I used this plugin many years ago, but it was an earlier version that didn't support local control. So while I was accessing the Wink hub from HomeKit, it was talking to the cloud to control it, and so it was a bit sluggish. Not to mention, it was reliant on their cloud always being up. Far too much like SmartThings was for my comfort, and one of the reasons I left both those platforms behind. However, this newer Homebridge plugin allows local control of the Wink hub.

Why would you want this when you have Hubitat? Well I honestly don't really need it, but it's kind of a cool trick. However, if you do have a device that Wink supports, but isn't yet supported by Hubitat, or perhaps you like the Wink app as @craigspree does, well then there's another choice here if you're also an iOS user.

Once Wink is exposed to Homebridge, you can also add the Hubitat Homebridge MakerAPI plugin from @dan.t for really excellent local control and integration with Hubitat via HomeKit automations. I use them myself to expose Xiaomi contact sensors from a Xiaomi Aqara HomeKit hub, and it's as fast as if they were directly connected to Hubitat.

There are a couple of exceptions:

  1. Although this is local (does indeed work without internet - I tested that), the Wink hub needs an initial connection with Wink servers each time it starts up. That restriction is no different than the local control has ever been with Wink. So if you have everything up and running, you will still have control and synchronization with HomeKit, even if you lose internet. However, if the Wink hub loses power after losing internet connection, the rule is the same. It must contact the Wink server first to come back online and allow local control again.

  2. This doesn't eliminate the issue of Wink servers someday going away. Unlike Hubitat, when Wink servers are eventually gone, the hub is worthless.

  3. You can sync with Hubitat if you control a device via the Wink app, or a connected remote using HomeKit automations and virtual devices on Hubitat exposed to HomeKit via the Homebridge MakerAPI plugin. This includes dimmer levels. However, the timing is about 4 seconds before HomeKit gets a status update. So if you're basing automations in Hubitat on the status of Wink devices, keep that in mind.

  4. You can use any Luton Connected Bulb Remotes you still own with lightbulbs. There's no way to expose the buttons as a remote to control things the way you did with Wink Robots, but you can control lights directly connected to Wink with the LCBR and the light state will be reflected in Homebridge, therefor you could use it for triggers in Rule Machine, or control them with HE Dashboard and Rule Machine. So if you don't want to buy a Hue bridge, or you have incompatible lights with Hue such as OSRAM, this could be a nice solution for you. If your lightbulbs are compatible with the Hue bridge, I would highly recommend that over this setup. The HE Hue Integration is local and much better than this, plus you can authorize LCBRs on the Hue and then pair them directly to the bulbs. This give you the ability to keep using LCBRs to control lights regardless of the Hue bridge condition, yet still control them via the Hue bridge when it's fully functional.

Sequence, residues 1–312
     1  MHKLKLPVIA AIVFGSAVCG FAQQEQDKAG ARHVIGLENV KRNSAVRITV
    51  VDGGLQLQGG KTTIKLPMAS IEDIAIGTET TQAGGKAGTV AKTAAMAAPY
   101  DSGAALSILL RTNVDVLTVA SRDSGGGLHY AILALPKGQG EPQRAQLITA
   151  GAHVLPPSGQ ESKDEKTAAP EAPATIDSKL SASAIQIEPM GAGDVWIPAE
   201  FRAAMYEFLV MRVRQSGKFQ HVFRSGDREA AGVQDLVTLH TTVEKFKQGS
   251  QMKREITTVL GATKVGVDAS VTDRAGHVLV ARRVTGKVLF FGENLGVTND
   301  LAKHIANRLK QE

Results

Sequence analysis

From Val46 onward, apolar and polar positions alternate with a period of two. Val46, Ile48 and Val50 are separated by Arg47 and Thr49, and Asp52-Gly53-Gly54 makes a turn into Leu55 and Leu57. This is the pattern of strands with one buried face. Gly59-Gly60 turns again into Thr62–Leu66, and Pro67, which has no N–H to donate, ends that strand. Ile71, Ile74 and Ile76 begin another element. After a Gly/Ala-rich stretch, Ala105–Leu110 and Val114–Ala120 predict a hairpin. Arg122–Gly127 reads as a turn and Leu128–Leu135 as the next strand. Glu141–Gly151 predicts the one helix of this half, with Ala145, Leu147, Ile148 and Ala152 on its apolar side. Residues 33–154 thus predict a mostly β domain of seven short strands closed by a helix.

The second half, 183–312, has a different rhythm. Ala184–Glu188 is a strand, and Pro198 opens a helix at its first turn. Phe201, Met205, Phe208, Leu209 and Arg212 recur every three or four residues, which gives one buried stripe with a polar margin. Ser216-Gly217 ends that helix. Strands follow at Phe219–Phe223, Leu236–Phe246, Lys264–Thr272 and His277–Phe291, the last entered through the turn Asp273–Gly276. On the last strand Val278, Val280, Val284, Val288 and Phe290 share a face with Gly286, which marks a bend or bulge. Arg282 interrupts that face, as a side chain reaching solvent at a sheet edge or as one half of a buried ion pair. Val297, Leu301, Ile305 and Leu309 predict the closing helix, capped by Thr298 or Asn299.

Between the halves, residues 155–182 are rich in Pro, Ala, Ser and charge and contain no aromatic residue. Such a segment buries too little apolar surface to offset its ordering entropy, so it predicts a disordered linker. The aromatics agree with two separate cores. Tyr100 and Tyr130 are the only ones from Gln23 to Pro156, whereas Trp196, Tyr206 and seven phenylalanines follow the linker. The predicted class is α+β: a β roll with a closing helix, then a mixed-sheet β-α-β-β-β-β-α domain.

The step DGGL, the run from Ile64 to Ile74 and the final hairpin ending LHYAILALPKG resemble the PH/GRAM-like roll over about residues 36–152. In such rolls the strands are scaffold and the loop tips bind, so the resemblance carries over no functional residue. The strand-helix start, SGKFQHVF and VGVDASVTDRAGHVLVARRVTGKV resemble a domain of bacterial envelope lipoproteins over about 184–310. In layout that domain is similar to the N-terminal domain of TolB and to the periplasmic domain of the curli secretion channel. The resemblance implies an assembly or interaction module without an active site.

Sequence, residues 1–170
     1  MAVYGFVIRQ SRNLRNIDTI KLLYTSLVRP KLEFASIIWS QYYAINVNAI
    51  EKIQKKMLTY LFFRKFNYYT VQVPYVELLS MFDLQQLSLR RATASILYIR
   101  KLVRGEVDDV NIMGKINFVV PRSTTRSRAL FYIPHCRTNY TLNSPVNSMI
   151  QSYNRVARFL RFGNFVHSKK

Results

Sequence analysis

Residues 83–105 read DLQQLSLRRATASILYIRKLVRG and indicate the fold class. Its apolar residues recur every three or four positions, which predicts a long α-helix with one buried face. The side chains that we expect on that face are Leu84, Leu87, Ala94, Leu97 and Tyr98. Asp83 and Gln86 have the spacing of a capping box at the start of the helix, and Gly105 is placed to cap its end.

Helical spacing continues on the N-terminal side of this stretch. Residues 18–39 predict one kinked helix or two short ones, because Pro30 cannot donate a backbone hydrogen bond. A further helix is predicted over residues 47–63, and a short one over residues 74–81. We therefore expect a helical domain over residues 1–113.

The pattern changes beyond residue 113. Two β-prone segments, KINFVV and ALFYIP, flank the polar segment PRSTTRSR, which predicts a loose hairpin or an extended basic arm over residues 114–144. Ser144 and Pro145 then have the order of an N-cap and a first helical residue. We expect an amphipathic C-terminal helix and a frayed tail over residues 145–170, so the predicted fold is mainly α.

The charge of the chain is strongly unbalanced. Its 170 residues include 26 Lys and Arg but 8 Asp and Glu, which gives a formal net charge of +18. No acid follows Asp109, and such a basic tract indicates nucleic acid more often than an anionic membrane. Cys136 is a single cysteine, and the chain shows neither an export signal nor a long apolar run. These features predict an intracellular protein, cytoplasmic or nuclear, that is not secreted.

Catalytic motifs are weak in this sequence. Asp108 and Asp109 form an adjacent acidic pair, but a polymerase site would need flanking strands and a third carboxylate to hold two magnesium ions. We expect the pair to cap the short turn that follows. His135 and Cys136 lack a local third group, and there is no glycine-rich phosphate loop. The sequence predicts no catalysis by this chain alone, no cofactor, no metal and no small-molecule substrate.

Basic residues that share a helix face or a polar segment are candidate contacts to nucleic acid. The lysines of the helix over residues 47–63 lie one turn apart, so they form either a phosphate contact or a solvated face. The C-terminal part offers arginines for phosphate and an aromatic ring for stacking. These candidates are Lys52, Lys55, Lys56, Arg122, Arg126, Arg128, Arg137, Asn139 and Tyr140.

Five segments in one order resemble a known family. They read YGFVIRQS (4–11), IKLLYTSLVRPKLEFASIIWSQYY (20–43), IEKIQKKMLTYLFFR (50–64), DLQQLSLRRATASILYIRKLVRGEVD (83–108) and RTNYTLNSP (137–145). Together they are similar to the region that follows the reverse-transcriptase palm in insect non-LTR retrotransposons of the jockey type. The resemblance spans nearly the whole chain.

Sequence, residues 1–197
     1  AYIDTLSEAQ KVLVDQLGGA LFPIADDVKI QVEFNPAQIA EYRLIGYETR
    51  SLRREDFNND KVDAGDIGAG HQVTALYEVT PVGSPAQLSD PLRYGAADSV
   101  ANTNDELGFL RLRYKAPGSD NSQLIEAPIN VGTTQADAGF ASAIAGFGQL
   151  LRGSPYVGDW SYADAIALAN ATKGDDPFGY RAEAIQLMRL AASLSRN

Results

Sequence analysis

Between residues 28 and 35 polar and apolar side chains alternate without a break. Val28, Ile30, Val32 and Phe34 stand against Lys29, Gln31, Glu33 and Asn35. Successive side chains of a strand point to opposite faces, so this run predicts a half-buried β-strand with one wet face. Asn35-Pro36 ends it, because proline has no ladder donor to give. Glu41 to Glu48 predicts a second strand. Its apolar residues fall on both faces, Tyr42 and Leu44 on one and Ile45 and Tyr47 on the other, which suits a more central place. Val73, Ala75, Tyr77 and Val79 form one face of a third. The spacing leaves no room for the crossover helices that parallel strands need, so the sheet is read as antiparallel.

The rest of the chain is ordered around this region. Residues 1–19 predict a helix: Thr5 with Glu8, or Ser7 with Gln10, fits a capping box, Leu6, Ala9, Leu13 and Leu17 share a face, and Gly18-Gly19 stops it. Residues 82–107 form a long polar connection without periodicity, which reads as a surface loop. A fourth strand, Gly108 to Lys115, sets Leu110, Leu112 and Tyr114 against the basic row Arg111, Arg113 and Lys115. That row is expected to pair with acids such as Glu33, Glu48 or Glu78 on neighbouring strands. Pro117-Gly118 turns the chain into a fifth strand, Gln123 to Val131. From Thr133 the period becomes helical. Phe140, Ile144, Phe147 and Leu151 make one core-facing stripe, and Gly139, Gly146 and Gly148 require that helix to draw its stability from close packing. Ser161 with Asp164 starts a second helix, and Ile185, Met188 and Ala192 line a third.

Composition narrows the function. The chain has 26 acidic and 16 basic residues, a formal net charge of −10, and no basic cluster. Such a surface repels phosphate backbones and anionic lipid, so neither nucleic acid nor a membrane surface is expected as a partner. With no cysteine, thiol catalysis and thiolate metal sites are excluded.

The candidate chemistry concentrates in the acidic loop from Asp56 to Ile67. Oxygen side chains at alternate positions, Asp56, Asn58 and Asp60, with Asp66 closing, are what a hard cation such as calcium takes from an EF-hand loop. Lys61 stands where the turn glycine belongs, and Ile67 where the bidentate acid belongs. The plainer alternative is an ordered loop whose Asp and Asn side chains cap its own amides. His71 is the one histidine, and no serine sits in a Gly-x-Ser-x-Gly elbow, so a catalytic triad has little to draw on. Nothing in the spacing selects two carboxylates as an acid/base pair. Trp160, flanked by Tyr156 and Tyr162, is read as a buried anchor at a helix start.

5. This is not a substitute for the excellent Lutron Caséta integration that Hubitat has with the Lutron Smart Bridge Pro, however if you have Pico remotes and Caséta dimmers, this would allow you to control the lights from Pico remotes and the Lutron Caséta Dimmers, while still having light status and control via the much more capable Rule Machine. Just keep in mind that you have to deal with the 4 second delay between Wink and Homebridge/HomeKit for status to update.

NOTE: I'm using a Wink version 1 for this, so if you have a Wink 2, you may not have much or any delay at all.

Hope this helps someone struggling with some missing some functionality or device compatibility they had before, that hasn't yet been replaced by Hubitat Elevation. Just keep in mind that this will not work if Wink shuts down. The first time your Wink hub lost power after that happening, it would be game over.

[NOTE] This requires cloud to initiate the connection. So once the Wink cloud shuts down, this integration will be useless too.

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I've had a widget setup as a sort of button since the Maker API was introduced to turn off all the lights in my apartment. I use it every night when I get in bed :slight_smile:

If you setup a Siri trigger for the shortcut, you can voice activate them as well.

Thanks for the tutorial!

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How so?

THANKS I am looking for a Newbie Zero lvl step by step beginners guide for HE